Muller v. Roy Miller Freight Lines, LLC

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Justia Opinion Summary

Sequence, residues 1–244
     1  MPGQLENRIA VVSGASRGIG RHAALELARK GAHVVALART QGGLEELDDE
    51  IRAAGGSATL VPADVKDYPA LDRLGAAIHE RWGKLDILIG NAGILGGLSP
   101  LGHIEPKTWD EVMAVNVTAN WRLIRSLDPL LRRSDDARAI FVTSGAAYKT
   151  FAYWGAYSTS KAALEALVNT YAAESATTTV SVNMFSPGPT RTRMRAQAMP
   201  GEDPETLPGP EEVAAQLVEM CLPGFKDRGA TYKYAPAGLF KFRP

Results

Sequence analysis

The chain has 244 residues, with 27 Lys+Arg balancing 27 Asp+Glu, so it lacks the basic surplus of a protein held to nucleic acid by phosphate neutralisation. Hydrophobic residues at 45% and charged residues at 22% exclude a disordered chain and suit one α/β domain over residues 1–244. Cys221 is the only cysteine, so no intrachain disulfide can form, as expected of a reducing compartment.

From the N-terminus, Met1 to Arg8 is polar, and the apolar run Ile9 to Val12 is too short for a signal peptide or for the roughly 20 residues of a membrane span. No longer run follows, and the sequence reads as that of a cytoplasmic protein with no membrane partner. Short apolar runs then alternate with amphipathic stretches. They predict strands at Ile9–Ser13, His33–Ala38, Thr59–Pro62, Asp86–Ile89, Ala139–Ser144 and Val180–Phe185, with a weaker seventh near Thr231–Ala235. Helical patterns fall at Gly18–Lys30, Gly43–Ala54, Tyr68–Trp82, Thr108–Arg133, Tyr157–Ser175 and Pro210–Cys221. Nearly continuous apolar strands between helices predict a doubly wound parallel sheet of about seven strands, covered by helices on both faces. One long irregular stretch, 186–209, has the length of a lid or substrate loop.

Defendant Roy Miller Freight Lines, LLC (RMFL) appealed a trial court order granting in part and denying in part its motion to compel its former employee, plaintiff William Muller (Muller), to arbitrate his wage and hour claims under the arbitration provision in his employment agreement. The trial court granted RMFL’s motion on all but one cause of action: Muller’s claim for unpaid wages, and stayed the prosecution of that remaining claim pending the completion of the arbitration. The issue this case presented for the Court of Appeal's review centered on whether the Federal Arbitration Act (FAA) applied, and more specifically, whether Muller was a transportation worker engaged in interstate commerce under 9 U.S.C. 1 (section 1) and thus exempt from FAA coverage. If he was exempt from FAA coverage, as the trial court held, Muller did not have to arbitrate his cause of action for unpaid wages because Labor Code section 229 (section 229) authorized lawsuits for unpaid wages notwithstanding an agreement to arbitrate. If the FAA applied, as RMFL contended, the FAA preempted section 229, and Muller had to submit his cause of action for unpaid wages to arbitration, along with his five other causes of action. The Court found the trial court correctly concluded Muller was exempt from FAA coverage under section 1. Even though Muller did not physically transport goods across state lines, his employer was in the transportation industry, and the vast majority of the goods he transported originated outside California. Thus, section 229 required staying the prosecution of his cause of action for unpaid wages while the other five causes of action proceed to arbitration.